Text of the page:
Three UConn engineering students are working in partnership with a village in Ethiopia to help improve the water supply.
During winter break, the three students, who are all members of the UConn chapter of Engineers Without Borders, traveled to the village to begin surveying for a project to improve the community’s water infrastructure.
The village, called the Woreta Zuria Administrative Kebele, has an extensive dry season, lasting nine months of the year. The residents depend on agricultural production for their livelihood, and this year is particularly difficult for them, because of the drought that Ethiopia is experiencing.
“The community we’re working in is entirely relying on agriculture for sustenance,” says Kristin Burnham ’19 (ENG, CLAS), a double major in environmental engineering and molecular and cell biology.
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A $4.3 million grant from the National Science Foundation will allow University of Connecticut researchers to collaborate with colleagues around the world in order to help local governments and communities in Ethiopia’s Blue Nile river basin better manage their agricultural and water resources.
The funds, released today, come from NSF’s Partnerships in International Research and Education or PIRE program.
“This grant will position the University of Connecticut as a global leader in the multidisciplinary field of water and food security,” says Provost Mun Choi. “We particularly value the quality of scientific and cultural exchanges that are made possible through the PIRE program for students, faculty, and researchers from UConn, Ethiopia, and other international universities.”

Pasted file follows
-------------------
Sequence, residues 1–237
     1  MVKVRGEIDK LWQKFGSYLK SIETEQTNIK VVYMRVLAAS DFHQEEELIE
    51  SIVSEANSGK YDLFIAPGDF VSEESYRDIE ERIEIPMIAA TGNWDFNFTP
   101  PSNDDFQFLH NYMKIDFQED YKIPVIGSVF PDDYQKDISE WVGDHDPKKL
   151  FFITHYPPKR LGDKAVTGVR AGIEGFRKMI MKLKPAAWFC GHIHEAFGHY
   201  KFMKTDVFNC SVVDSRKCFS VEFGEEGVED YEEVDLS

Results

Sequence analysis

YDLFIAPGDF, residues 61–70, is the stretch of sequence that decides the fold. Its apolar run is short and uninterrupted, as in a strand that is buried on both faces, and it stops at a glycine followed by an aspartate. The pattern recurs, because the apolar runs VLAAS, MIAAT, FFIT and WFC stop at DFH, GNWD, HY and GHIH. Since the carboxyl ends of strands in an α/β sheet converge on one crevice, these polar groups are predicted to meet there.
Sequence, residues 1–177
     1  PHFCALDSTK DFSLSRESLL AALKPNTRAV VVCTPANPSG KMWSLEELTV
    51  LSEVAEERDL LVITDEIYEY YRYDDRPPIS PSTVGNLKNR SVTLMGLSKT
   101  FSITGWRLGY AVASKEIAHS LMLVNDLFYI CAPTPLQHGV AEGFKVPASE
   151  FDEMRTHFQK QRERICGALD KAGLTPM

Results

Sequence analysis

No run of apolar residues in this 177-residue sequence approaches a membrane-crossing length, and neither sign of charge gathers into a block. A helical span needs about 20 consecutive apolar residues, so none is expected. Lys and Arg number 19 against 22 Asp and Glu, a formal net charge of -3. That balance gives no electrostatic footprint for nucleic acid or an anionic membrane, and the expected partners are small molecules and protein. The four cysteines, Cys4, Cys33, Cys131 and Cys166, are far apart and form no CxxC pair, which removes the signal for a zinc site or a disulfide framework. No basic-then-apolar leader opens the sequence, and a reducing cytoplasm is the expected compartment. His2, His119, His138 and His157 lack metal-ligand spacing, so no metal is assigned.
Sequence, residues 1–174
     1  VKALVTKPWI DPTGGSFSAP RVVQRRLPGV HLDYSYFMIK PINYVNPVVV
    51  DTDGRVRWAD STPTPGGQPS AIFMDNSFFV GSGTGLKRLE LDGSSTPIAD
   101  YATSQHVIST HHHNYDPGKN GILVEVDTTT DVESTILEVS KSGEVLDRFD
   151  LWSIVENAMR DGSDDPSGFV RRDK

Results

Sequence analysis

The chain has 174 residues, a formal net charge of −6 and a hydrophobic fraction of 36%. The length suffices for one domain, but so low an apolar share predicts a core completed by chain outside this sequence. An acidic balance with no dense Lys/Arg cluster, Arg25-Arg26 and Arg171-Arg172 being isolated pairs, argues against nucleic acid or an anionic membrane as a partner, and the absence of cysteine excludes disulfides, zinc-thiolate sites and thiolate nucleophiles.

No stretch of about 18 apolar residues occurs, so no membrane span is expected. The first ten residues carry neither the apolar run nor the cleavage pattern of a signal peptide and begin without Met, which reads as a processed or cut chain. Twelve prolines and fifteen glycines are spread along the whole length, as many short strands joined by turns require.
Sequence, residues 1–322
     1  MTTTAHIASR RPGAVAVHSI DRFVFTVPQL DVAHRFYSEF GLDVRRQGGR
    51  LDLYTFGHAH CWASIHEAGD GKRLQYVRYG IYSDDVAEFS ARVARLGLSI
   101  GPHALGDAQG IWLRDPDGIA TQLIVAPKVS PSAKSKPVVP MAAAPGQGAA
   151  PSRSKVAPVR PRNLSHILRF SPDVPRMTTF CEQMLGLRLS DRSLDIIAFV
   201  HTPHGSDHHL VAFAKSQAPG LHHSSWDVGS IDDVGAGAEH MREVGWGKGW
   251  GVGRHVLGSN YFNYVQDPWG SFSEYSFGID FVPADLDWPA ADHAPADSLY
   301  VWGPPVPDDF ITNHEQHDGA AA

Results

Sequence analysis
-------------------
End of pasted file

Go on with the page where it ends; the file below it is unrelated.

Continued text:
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By William Weir, School of Engineering
Engineers play a major role in developing cell phones, but what responsibility do they have to consider the origin of the materials the phone is made of? Conversely, can they take credit for how the cell phone can protect African farmers from being swindled?
To address issues such as these, the School of Engineering and the Human Rights Institute have created a track of courses within UConn’s human rights minor that explores the social aspects of engineering, including energy, infrastructure, and water resources management.
“We looked to develop courses that contextualize human rights concepts and theories in an engineering practice,” says Shareen Hertel, associate professor of political science and human rights. “We on the human rights side found it really advantageous to reach out to the students who were going to do work with serious human rights implications but hadn’t thought about it that way before.”
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